Cyber catastrophe scenarios are the modeled answers to the question: “What is the worst that can happen from a cyber attack?” As such, modelers must strike a balance between optimism (typically there is low likelihood that enough things will go wrong to cause such an event) and realism (based on historical precedent and the proliferation of capable actors and advanced tools, these events can occur).
Cyber catastrophe scenarios are a moving target; they must be revisited, refined, and updated frequently based on the changing threat landscape and new data. Both literary (narrative) and mathematical (modular) components combine to form each catastrophe scenario in CyberCube’s Portfolio Manager catalog.
Let’s take a look at the components needed to build a cyber catastrophe scenario.
The CUBE framework
CyberCube has developed a “CUBE” framework for the development of cyber catastrophe scenarios in reference to the six key components critical to defining a modeled cyber event depicted below.
Attackers are defined as a threat actor or group with malicious financial or destructive intent. Each cyber attack scenario class is developed based on an attacker from the CyberCube Threat Actor Database incorporating eight different classes of attackers.
Targets are Single Points of Failure (SPoFs). An insured's supply chain exposure to a vulnerable technology or service, or a SPoF, includes both technologies as well as companies within a specific industry, size and location that if targeted will achieve the maximum impact desired by the attackers.
The objectives and motivations driving the attack need to address questions critical to the insurance industry, such as whether the motivation is financial or geo-political and potentially classified as an act of war. It is often not easy to classify these motivations given the support of nation states for rogue cyber groups.
Attackers will target vulnerabilities in technologies and systems. The attacker’s aim is to use available tools and resources to exploit the gaps and weaknesses in the defense posture of companies in order to act upon desired objectives.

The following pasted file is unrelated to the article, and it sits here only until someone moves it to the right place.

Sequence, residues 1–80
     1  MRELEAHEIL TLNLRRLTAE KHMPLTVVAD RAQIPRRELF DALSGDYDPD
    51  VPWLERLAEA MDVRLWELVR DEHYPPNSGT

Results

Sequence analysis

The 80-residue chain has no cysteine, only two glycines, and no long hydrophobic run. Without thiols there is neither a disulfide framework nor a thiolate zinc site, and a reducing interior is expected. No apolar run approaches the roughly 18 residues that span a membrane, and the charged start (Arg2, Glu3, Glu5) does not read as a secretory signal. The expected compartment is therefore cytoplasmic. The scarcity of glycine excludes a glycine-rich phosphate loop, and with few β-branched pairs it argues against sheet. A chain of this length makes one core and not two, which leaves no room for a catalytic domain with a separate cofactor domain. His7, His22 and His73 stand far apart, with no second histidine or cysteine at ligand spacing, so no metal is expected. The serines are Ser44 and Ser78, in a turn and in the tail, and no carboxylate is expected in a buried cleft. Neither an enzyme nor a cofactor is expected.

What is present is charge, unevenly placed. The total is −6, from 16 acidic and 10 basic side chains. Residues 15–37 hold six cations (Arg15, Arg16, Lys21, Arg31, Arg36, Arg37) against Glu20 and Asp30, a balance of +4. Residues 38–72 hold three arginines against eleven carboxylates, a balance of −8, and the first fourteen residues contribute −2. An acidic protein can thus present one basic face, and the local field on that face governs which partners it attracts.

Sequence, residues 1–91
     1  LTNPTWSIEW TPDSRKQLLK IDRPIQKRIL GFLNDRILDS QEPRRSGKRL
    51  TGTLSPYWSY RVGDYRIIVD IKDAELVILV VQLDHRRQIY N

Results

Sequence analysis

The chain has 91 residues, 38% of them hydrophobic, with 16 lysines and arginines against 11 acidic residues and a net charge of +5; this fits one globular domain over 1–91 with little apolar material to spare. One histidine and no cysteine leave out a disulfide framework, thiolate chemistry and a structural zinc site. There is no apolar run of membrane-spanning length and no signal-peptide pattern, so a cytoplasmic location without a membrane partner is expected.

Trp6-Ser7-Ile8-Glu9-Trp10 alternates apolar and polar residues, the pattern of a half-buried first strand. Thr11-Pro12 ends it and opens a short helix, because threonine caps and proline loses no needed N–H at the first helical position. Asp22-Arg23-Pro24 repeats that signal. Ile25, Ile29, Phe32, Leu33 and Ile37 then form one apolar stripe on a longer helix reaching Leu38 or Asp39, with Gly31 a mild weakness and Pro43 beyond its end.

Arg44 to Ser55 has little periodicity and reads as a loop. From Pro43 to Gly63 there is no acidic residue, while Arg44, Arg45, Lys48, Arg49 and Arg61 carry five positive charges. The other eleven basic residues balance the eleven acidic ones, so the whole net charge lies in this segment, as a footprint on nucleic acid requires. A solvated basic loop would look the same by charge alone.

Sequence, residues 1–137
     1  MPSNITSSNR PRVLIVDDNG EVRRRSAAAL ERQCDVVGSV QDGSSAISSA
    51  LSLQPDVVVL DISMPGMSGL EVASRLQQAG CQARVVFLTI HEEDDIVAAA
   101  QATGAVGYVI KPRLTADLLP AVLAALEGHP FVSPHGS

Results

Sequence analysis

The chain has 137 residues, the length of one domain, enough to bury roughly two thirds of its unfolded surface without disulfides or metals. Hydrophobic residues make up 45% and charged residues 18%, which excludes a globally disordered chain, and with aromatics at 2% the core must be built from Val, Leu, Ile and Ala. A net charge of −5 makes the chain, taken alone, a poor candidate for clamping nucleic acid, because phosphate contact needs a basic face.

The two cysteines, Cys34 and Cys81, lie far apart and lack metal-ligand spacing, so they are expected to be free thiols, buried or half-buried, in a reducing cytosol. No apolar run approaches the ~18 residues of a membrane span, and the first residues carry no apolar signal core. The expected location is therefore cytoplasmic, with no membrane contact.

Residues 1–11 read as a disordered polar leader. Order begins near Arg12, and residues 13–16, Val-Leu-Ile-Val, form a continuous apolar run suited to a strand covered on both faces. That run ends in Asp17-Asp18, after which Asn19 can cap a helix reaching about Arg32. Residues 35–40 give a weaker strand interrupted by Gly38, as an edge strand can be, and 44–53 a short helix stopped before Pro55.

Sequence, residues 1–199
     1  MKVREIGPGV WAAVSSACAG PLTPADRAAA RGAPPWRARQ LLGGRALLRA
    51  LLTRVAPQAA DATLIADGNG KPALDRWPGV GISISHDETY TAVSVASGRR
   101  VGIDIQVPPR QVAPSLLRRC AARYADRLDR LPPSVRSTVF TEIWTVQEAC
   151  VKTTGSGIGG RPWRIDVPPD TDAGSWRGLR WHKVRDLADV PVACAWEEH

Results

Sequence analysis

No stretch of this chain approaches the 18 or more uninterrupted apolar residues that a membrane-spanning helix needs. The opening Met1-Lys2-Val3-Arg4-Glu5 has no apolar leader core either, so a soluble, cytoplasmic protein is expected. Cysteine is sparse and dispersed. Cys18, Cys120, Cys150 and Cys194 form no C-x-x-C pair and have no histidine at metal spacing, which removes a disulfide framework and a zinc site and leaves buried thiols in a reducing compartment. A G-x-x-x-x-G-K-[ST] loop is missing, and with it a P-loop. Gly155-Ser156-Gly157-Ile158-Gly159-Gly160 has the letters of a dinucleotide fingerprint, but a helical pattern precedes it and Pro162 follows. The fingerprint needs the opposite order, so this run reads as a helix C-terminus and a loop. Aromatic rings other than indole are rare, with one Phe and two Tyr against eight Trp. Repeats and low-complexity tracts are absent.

The impact of an attack for each scenario is assessed based on the loss aggregation potential relative to the attack footprint (the number of companies impacted), the attack duration, and the attack intensity. Key factors to consider are what companies, data or systems are impacted?
Finally, the severity or financial consequences of the attack need to be assessed. This assessment reflects the insurance claims from costs such as legal liabilities, data restoration and recovery, customer notification, ransom payments, and other types of loss components from a cyber attack.
Defining plausible future cyber attack scenarios
When developing plausible scenarios, a number of considerations come into play. These include the economic and technological factors driving cyber risk, changes in the cyber insurance market, changes in the legal and regulatory landscape, the availability of high quality data, and the evolution of threat actor tactics and techniques.
A necessary addition to this foundation is a clear framework with a set of definitions and assumptions that can be applied within the context of the acceptance criteria for an aggregation risk cyber attack event. The final step is then identifying the types of plausible future events based on known or developing classes of vulnerabilities or exposures attractive to threat actors.
Defining attack scenario classes
A successful approach requires the definition of classes of scenarios relative to the type of attack threat.
Exposed data attack
A common type is an attack leading to exposed data. This includes data breaches, exposure, and theft. A large-scale data theft from an electronic health records provider is one example scenario class. An example of an attack analogue is the November 2021 GoDaddy data breach resulting in large scale exposure of email addresses and passwords for over a million customers.